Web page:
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At the heart of general practice since 1960

How practice was able to drive out script fraud

Disputes with pharmacists and patients over lost scripts?

Dr Tim Gietzen explains how his practice beat the problem

A GP I know who practises in the West Country was supplying weekly benzodiazepine scripts for an addict. Every week the secretarial staff generated a script, every week he signed it and every week the pharmacist's driver picked it up.

Then came a week that was slightly different. My GP friend was certain he'd signed the prescription but the patient swore he'd never received the drugs. The pharmacist wasn't particularly helpful; the prescription hadn't arrived so it wasn't his problem.

The GP happened to mention this to a colleague and learned that he'd had a similar problem, but with a different chemist. To cut a long story short it turned out that half a dozen pharmacies were employing the same driver.

When the driver got back to his van he was going through the prescriptions and helping himself to whatever took his fancy. He might not have known much about pharmacology but he knew what he liked. Not a very sophisticated fraud and one that was bound to be found out soon enough, but it got me thinking.

I was pretty confident the same thing had never happened to us, but there was nothing to stop it happening. Nor did we have any

system to clarify the regular disputes we periodically had with pharmacists and patients as to who lost what and where.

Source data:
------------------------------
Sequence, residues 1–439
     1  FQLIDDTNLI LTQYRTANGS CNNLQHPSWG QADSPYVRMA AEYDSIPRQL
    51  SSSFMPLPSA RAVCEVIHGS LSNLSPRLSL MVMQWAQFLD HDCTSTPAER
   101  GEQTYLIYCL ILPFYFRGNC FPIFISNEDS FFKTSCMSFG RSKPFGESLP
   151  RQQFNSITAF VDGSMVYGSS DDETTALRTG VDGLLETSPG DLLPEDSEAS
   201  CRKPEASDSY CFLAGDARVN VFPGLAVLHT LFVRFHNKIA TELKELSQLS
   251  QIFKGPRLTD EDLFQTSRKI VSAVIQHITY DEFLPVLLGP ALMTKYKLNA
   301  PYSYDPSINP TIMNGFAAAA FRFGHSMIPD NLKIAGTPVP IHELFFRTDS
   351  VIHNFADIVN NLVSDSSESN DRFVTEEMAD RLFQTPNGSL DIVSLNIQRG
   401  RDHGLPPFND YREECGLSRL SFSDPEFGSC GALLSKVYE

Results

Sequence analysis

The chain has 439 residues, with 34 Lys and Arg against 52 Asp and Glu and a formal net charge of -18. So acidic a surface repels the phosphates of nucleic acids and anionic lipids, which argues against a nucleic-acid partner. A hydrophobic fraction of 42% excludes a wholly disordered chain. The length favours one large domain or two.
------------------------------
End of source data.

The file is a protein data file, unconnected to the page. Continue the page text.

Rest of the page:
So we devised a solution. It sounds like hard work, but really it isn't. We insist that all drivers sign for each and every script they pick up.

Every pharmacy has a folder with a simple notebook in it. As each signed prescription is put in the folder, the name is entered into the log. A

separate page for every day. The driver checks the prescriptions against the names and signs for what he takes.

There was initial scepticism and a fear that it would add to staff workload but we've found the reverse to be true. It adds about 10 minutes a day to the work of the prescription clerk but saves much more than that in time no longer wasted on sorting out disputes.

If a patient telephones to say his prescription is not at the pharmacy or hasn't been delivered it's the work of a moment to check whether it's been picked up or not.

It is also exceedingly useful to know exactly when the prescription left our care. If we are to be able turn scripts round in 24 hours it is vital to be able to demonstrate where delays outside our control might occur.

So far it's never happened to us but in these days where patients use pharmacies to collect prescriptions it's possible to envisage a situation where a patient suffers harm from non-delivery of a prescription drug. If we can demonstrate when a script was done and when it was picked up, the buck will stop somewhere else.

Tim Gietzen is a GP in Eastbourne

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